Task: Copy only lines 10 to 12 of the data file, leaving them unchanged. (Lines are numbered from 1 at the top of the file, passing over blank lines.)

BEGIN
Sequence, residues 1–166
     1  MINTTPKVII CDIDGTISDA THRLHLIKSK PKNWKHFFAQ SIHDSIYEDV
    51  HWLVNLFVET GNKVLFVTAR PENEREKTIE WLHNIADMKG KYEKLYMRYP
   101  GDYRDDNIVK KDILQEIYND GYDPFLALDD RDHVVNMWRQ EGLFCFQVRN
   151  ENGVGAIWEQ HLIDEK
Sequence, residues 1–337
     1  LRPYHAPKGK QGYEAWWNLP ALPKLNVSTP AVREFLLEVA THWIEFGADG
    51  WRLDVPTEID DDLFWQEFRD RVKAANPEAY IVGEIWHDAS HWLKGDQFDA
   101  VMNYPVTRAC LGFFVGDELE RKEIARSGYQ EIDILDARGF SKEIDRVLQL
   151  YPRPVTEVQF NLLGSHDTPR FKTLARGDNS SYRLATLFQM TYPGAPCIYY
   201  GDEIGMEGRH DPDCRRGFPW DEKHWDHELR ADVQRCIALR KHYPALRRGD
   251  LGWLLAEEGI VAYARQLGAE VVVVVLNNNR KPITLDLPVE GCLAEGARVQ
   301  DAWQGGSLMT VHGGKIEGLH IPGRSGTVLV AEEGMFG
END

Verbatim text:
   151  YPRPVTEVQF NLLGSHDTPR FKTLARGDNS SYRLATLFQM TYPGAPCIYY
   201  GDEIGMEGRH DPDCRRGFPW DEKHWDHELR ADVQRCIALR KHYPALRRGD
   251  LGWLLAEEGI VAYARQLGAE VVVVVLNNNR KPITLDLPVE GCLAEGARVQ